Yeah. I have observed that chairs who will talk to other chairs or me, or other leaders, about these things, and have touched on, has this happened to other people, is this just me that this is happening to? Why does this feel so personal? I had one new chair come to me, he’d been here about two years and he said, you know, “I’ve made it for two years, but these people have really tried to destroy my reputation.” And he told me all the ways in which his faculty had tried to destroy his reputation, nationally and internationally. It was wicked. So, you know, we, we—what needs to happen even more is the chairs need to understand that we’re aware of these things and that we can help them navigate these critical times more successfully and depersonalize some of the issues. In fact, Marshall Hicks and his project directors and myself, are putting together an onboarding program for new chairs in that division, and I think it’s going to be excellent, because right at the get-go, we’re going to have conversations like this. Here’s what you’re likely to encounter, here are some of the behaviors you may see, here are the things you’re going to be taking home and worrying about possibly. This is a time of emotional and intellectual turbulence, it is a time of transition and here’s what we want to help you deal with, and please talk about it with us, because we understand these things and we can help you deal with them. I think that simply by putting this on the table and being very honest about it, we know what people go through. We have 68 chairs here. I’ve been with many of them on their personal transition into leadership. Now mind you, some of them from a few years ago, I didn’t understand this transition myself really well. So now I understand it a lot better and I think I’m a lot better informed and able to help chairs and division heads, transition into MD Anderson. MD Anderson is a very complex culture. I don’t mean to say that we’re more complex than other academic medical institutions, though I do hear, from consultants I’ve worked with, that this is the most challenging and perhaps even toxic culture they’ve worked with. Whether that’s true or not I don’t know, because I haven’t worked in the other.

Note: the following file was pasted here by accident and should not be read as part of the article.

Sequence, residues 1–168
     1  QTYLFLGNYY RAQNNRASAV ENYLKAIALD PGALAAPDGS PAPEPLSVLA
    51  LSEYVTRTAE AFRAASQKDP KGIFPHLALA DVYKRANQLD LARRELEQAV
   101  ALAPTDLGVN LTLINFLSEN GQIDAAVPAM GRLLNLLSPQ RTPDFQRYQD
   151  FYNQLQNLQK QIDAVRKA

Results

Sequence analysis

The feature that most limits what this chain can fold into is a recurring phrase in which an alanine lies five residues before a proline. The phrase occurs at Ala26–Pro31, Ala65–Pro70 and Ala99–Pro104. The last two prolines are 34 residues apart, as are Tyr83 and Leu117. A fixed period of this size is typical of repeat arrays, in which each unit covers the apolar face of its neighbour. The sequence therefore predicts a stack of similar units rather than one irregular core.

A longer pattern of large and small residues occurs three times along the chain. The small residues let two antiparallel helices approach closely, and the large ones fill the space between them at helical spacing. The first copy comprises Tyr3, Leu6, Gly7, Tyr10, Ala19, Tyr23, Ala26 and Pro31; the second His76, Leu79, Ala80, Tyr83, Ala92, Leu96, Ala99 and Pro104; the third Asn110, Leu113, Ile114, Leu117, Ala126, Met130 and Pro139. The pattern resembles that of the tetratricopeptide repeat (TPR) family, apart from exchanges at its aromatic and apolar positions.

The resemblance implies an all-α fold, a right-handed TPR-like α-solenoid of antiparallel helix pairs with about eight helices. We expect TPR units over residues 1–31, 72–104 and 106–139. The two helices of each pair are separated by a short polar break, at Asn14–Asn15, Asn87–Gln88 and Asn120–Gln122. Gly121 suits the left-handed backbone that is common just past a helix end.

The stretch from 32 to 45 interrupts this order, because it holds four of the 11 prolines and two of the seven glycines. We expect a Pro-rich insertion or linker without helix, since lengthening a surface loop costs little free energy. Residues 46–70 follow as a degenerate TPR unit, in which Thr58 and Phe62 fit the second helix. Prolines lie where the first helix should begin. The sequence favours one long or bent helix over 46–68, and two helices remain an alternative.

Tacey Ann Rosolowski, PhD:

Toxic in what way, challenging in what way?

Janis Apted Yadiny:

They’re tough on each other, hard to read the signals, the politics are, it’s very big. Sixty-eight chairs, sixty-eight chairs? Huge. Understanding the politics, understanding the players, who’s in, who’s out. I may even find that if I said that to the top executives, they would say there’s nothing like that here. Well there is, when you’re down here there is.

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Chapter 14: An MD Anderson Way of Leadership Training